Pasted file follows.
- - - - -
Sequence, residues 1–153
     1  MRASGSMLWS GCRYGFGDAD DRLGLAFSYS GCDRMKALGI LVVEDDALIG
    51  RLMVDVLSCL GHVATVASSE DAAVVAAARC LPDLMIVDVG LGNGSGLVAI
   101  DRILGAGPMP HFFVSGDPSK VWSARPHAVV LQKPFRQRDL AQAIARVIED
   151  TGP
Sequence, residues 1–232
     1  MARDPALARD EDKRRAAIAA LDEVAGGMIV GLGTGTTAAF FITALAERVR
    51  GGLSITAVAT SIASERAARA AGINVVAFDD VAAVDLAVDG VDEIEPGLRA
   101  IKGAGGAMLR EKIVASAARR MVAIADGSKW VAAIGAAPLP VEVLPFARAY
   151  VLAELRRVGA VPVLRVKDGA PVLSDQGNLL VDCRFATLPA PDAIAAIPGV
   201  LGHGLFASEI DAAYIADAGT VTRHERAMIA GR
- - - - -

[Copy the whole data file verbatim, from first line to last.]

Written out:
Sequence, residues 1–153
     1  MRASGSMLWS GCRYGFGDAD DRLGLAFSYS GCDRMKALGI LVVEDDALIG
    51  RLMVDVLSCL GHVATVASSE DAAVVAAARC LPDLMIVDVG LGNGSGLVAI
   101  DRILGAGPMP HFFVSGDPSK VWSARPHAVV LQKPFRQRDL AQAIARVIED
   151  TGP
Sequence, residues 1–232
     1  MARDPALARD EDKRRAAIAA LDEVAGGMIV GLGTGTTAAF FITALAERVR
    51  GGLSITAVAT SIASERAARA AGINVVAFDD VAAVDLAVDG VDEIEPGLRA
   101  IKGAGGAMLR EKIVASAARR MVAIADGSKW VAAIGAAPLP VEVLPFARAY
   151  VLAELRRVGA VPVLRVKDGA PVLSDQGNLL VDCRFATLPA PDAIAAIPGV
   201  LGHGLFASEI DAAYIADAGT VTRHERAMIA GR